Radical gratitude, fleas and Nazis

During World War Two, Corrie ten Boom’s family sheltered many Jews who were fleeing the Nazis.

The Nazi police seized Corrie, her sister Betsie, and their father. They ended up in a concentration camp, all the while holding firm to the promises of God.

One day they moved into Barracks 28. The sewers were backed up. The mattresses were soaked with urine. And when they went to bed, they got bitten because the beds were swarming with fleas.

In a near panic, she and her sister wondered what to do. But then Betsie realized that God had given them the answer that very morning while reading 1 Thessalonians 5:18: “…give thanks in all circumstances…” (emphasis added)

So they made a list. They were thankful that they hadn’t been separated, that their Bibles weren’t seized, and that they were crammed in with so many women so that they could minister to and encourage so many.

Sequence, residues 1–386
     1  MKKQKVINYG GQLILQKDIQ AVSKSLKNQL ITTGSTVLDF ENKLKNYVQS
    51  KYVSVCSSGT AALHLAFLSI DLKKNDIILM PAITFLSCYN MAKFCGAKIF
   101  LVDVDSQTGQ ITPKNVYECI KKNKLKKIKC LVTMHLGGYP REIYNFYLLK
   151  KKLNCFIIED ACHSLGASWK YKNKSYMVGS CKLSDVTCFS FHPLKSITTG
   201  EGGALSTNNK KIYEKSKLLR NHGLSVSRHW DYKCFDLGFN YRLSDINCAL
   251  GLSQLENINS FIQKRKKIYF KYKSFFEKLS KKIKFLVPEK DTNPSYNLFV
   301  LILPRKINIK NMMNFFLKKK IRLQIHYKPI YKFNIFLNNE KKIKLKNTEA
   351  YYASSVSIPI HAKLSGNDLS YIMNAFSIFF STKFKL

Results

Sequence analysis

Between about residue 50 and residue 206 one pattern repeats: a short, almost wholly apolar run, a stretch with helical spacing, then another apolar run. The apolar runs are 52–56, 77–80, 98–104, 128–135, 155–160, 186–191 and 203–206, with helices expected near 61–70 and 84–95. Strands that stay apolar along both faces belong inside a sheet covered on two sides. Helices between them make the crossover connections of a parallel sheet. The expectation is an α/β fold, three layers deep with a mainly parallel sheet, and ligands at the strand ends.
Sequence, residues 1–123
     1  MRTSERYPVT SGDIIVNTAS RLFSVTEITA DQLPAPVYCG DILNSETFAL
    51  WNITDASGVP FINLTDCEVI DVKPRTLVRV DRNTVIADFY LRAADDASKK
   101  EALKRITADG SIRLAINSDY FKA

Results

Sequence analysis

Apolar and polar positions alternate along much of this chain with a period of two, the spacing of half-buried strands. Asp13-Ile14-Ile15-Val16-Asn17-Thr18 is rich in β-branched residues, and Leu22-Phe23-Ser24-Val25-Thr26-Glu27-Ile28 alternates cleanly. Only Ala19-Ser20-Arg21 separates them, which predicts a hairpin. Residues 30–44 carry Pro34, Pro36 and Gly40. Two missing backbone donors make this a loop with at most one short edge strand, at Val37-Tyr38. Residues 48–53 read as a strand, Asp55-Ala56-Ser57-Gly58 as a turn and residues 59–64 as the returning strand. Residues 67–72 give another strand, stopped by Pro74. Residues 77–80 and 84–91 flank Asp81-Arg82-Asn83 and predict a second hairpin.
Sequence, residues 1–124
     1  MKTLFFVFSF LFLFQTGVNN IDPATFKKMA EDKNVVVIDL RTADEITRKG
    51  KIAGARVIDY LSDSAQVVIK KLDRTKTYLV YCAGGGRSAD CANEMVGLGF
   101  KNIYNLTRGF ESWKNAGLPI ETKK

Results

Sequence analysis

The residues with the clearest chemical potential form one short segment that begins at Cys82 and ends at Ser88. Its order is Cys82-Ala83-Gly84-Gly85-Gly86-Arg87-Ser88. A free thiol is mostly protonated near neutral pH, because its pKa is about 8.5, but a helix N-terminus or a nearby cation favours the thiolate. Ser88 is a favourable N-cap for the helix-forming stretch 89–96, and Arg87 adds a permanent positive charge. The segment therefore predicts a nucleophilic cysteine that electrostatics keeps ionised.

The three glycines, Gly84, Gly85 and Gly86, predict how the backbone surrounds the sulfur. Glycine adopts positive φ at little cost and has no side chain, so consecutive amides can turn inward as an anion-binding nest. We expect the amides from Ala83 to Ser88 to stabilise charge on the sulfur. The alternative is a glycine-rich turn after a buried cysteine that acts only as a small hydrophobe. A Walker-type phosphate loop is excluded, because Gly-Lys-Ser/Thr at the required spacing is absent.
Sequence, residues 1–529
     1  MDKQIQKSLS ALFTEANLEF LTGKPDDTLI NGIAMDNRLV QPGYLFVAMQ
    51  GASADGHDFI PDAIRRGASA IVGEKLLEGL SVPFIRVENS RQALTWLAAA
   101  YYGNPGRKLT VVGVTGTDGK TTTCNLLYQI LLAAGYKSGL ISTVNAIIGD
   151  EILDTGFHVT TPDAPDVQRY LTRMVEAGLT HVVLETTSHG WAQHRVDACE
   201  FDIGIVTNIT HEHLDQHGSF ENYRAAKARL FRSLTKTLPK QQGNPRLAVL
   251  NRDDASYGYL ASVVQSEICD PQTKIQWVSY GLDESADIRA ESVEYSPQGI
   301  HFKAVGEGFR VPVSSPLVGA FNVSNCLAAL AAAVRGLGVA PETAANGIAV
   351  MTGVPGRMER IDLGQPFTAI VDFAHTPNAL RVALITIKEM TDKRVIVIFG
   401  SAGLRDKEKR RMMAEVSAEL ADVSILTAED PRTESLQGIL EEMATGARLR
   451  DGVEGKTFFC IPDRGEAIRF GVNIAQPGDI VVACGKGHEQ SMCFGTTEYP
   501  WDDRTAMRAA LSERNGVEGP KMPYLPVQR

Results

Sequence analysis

Then Betsie suggested they even be thankful for the fleas! After all, it said to give thanks in all circumstances—not just nice ones. Corrie wasn’t sure. But she did it anyway.

As time when on they realized they had a lot of freedom in Barracks 28. So they started a worship service. Then another. People were hearing the eternal message and hope of Jesus—people who hadn’t heard it before. Women were encouraged and helped in the midst of this hellish experience.

Then one day they realized why they had such incredible freedoms. It was because of the fleas! The guards didn’t want to walk into those rancid conditions so they kept their distance.

Upon learning this, Corrie remembered their prayer of thanksgiving in all circumstances—even flea infestation.

What about you? Are you able to give thanks in all circumstances?

I encourage you to push yourself. When you make the effort, I think God reminds you that no matter what you’re dealing with, he’s always loving you, he’s always providing for you, and he’s also guiding you.

It’s human to be thankful when things are good. It’s discipleship to be thankful when times are tough.

By Matthew Ruttan

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